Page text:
Despite progress, girls and women continue to be discriminated against in accessing education and within education systems. 57 million children worldwide, including 31 million girls, are out of school and two thirds of illiterate adults are women. In developing countries, adolescent girls are more likely to drop-out of secondary school than boys, particularly in rural areas.

There are many reasons that prevent girls from going to school. Poverty, pregnancy, school-based violence, child marriage and discriminatory gender norms are some of the major obstacles to girls’ education worldwide. School fees, the threat of violence on the way to and in school, and the perceived benefits of girls’ domestic work also keep girls out-of-school. Pregnancy and child marriage cut short adolescent girls’ schooling before they have completed secondary school.

Article 10 of the Convention on the Elimination of All Forms of Discrimination against Women (1979) is the most comprehensive provision on girls and women’s right to education. According to this article, states have the obligation to take all appropriate measures to eliminate discrimination against women in order to ensure to them equal rights with men in the field of education and to ensure:

  • the same conditions for access to studies at all educational levels, both in urban and rural areas
  • the same quality of education; the elimination of any stereotyped concept of the roles of men and women
  • the same opportunities to benefit from scholarships and other study grants, to access programmes of continuing education, including literacy programmes, and to participate in sport and physical education
  • the reduction of female students drop-out rates 
  • access to educational information on health, including advice on family planning

The International Covenant on Economic, Social and Cultural Rights (1966), the Convention on the Rights of the Child (1989), UNESCO Convention against Discrimination in Education (1960) and the International Covenant on Civil and Political Rights (1966) also guarantee girls and women’s right to education combining general provisions on non-discrimination with specific provisions on the right to education.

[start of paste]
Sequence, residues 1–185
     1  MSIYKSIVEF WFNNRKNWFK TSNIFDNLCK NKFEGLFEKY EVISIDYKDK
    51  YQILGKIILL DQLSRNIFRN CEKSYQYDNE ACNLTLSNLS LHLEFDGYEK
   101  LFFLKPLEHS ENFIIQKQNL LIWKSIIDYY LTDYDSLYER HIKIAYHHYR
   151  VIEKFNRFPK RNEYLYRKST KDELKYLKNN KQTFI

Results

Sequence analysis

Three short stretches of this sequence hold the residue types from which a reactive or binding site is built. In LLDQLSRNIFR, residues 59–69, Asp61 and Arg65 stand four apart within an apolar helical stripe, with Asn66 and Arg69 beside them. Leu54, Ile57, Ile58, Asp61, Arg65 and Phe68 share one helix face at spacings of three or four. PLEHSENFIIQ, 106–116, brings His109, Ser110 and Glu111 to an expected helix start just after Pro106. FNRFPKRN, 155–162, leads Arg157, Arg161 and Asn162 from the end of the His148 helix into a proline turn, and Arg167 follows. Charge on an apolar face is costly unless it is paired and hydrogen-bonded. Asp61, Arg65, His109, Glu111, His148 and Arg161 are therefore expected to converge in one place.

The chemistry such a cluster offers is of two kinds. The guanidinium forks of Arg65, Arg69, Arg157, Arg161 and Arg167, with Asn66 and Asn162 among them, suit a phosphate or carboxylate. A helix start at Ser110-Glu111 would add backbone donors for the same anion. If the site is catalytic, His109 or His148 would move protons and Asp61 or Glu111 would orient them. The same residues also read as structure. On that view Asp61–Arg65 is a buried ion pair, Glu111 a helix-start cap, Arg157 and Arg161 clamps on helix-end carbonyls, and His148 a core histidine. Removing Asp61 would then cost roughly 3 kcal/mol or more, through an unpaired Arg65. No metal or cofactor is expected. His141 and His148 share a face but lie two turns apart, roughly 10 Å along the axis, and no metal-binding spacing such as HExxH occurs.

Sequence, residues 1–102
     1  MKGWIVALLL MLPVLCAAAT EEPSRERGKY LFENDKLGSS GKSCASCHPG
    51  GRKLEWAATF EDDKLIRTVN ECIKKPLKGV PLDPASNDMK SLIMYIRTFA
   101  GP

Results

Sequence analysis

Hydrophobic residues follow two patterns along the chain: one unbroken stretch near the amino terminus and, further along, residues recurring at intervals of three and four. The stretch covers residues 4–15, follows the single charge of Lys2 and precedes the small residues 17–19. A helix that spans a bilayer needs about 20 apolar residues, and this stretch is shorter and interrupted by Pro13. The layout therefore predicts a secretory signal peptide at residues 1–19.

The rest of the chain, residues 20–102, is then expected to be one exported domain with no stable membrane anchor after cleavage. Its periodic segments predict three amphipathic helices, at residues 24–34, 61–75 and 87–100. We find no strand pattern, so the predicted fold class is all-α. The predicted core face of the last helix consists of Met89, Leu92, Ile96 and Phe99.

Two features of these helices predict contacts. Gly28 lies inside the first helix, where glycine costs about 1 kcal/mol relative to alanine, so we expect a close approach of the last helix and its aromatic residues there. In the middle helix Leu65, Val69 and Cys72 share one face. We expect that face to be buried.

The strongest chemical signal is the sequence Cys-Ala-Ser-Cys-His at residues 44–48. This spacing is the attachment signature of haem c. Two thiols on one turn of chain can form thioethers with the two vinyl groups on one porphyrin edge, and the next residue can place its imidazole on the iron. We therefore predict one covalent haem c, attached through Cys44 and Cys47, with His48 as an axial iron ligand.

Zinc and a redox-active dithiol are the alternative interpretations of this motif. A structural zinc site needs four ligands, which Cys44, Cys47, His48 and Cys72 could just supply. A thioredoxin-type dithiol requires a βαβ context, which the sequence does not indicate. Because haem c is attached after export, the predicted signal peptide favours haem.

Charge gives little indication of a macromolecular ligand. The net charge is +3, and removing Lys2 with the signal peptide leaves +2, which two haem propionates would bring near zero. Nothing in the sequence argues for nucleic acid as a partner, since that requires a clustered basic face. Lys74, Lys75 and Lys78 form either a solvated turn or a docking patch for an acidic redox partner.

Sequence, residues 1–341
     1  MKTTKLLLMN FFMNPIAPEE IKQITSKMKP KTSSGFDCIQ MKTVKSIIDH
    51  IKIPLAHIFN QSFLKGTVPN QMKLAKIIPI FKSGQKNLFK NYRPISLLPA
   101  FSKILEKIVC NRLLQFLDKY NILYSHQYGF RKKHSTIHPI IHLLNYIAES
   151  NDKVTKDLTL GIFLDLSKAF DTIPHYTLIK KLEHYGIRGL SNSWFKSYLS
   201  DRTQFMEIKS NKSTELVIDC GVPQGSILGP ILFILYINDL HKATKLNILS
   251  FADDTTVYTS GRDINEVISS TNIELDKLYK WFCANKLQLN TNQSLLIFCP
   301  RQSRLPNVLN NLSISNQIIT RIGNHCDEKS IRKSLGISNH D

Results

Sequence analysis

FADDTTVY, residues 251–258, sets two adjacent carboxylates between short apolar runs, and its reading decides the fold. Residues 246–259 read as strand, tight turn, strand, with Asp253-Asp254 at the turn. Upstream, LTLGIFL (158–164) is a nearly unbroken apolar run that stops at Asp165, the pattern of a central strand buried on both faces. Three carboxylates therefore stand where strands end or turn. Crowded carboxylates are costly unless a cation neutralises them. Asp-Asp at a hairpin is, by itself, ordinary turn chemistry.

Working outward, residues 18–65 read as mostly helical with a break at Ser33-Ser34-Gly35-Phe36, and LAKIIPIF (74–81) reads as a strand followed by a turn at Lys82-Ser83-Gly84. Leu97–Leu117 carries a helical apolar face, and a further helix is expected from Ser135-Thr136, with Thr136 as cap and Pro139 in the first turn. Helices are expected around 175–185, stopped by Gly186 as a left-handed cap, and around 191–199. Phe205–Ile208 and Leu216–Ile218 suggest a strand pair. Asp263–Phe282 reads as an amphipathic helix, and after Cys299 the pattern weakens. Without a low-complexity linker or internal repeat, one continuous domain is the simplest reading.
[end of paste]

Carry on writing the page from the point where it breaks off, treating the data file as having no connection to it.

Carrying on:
Girls and women's right to education is particularly protected in Africa:

  • Article 12 of the Protocol to the African Charter on Human and People’s Rights on the Rights of Women in Africa (2003) enumerates a list of states' obligations to guarantee girls and women the right to education and training, including protecting women, especially the girl-child, from sexual harassment in schools and other educational institutions and providing sanctions against the perpetrators of such practices. States are also obligated to take positive action to promote literacy among women, as well as their education and training and to promote the enrolment and retention of girls in schools.
  • Article 11 of the African Charter on the Rights and Welfare of the Child (1990) obliges the state to take special measures in respect of female to ensure equal access to education.
  • Article 13 of the African Youth Charter (2006) provides the state shall ensure where applicable, that girls and young women who become pregnant or married before completing their education shall have the opportunity to continue their education.

For examples, see UNESCO publication, Implementing the Right to Education, A Compendium of practical examples (2016, pages 85 to 95). However, more needs to be done worldwide, to translate States’ international obligations into national laws and policies and to ensure they are implemented.





For more details, see International Instruments - Girls and Women's Right to Education